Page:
By Lincoln Towindo
The Zimbabwe Revenue Authority (Zimra) registered 20 000 new taxpayers last year as it ratcheted up efforts to increase tax compliance.
Revenues accrued to the national purse in the 11-month period to November last year subsequently rose to $4,7 billion- a figure that was $400 million more than the target.
Government’s initiatives to increase automation, reduce penalties and interest rates have helped spur compliance.
Zimra commissioner-general Ms Faith Mazani told The Sunday Mail last week that increased tax audits are also militating against both tax evasion and avoidance.
“The major strategies we have pursued to ensure that business is tax compliant is to automate processes for the convenience of taxpayers and reduction of compliance costs.
“We have also segmented taxpayers into large clients, medium and small clients and allocated liaison officers who deal with their tax issues,” said Ms Mazani.
“Zimra has also reduced penalties and interest, whilst nurturing businesses to enhance capacity to pay their tax dues. . .
“Under the 100-day goal, Zimra registered 19 484 new taxpayers in 2018, and these are being monitored by the respective liaison officers to ensure compliance.
“These new registrants contributed significantly towards the attainment of the 2018 revenue target. This is also a continuous contribution as taxpayers pay monthly,” she said.
The taxman has also heightened its interface with the market through taxpayer education services, workshops and stakeholder engagements.
Further, it also increased interaction through its website and social media platforms such as Facebook and Twitter.
Zimra is currently owed more than $4 billion in unpaid taxes, of which $2,1 billion is interest and penalty charges.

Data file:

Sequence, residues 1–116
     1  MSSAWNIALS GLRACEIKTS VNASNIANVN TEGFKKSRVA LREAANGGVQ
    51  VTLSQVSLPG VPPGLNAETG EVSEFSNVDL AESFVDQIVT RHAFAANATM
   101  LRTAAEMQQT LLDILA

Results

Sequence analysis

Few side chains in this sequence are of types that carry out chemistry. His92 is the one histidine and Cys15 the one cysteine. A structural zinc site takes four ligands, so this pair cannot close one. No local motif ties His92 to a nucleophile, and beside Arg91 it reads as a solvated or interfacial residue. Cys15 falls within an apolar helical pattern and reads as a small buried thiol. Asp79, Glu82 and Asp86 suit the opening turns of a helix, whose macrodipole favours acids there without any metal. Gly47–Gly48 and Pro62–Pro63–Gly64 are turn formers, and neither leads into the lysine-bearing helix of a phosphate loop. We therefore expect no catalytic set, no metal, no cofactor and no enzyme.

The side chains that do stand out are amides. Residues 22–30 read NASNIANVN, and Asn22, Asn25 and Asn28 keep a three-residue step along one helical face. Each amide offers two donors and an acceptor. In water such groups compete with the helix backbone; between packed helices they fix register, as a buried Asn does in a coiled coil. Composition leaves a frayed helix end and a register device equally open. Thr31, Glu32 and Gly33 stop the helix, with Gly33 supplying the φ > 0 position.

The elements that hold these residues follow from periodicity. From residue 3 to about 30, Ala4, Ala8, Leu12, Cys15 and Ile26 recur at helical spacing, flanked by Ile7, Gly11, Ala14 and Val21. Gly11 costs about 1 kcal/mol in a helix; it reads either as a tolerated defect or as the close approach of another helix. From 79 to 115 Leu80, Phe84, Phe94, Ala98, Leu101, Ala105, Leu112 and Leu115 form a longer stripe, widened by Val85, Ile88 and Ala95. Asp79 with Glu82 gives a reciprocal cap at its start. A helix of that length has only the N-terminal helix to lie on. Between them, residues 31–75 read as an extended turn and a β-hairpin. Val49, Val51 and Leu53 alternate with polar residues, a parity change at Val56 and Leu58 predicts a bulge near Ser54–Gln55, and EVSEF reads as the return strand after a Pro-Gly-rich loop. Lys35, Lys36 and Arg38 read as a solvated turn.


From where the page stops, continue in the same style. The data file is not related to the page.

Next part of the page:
The Zimbabwe Coalition on Debt and Development (Zimcodd), a non-Governmental organisation, estimates the tax compliance rate at just 30 percent.
Last year, Finance and Economic Development Minister Professor Mthuli Ncube indicated that 4 000 big businesses remained outside the tax net.
“Growing revenue collections will entail widening the tax base and also strengthening compliance levels of the more than 4 000 big businesses estimated to be operating without registering for tax purposes with Zimra. These companies are therefore outside the tax bracket.
“Pursuant to this, Zimra will be bringing in all those who are outside the tax net to also begin contributing to the fiscus.
“This also entails enhancing capacity through training of Zimra staff to be able to net all tax dodgers to ensure they also pay taxes for the realisation of the vision towards an upper middle-income society by 2030,” he said.
Treasury’s decision to rebase the economy to $25,8 billion from $18 billion means Zimra’s revenues now only contribute 18 percent of the country’s gross domestic product (GDP) from the previous 28 percent. Sunday Mail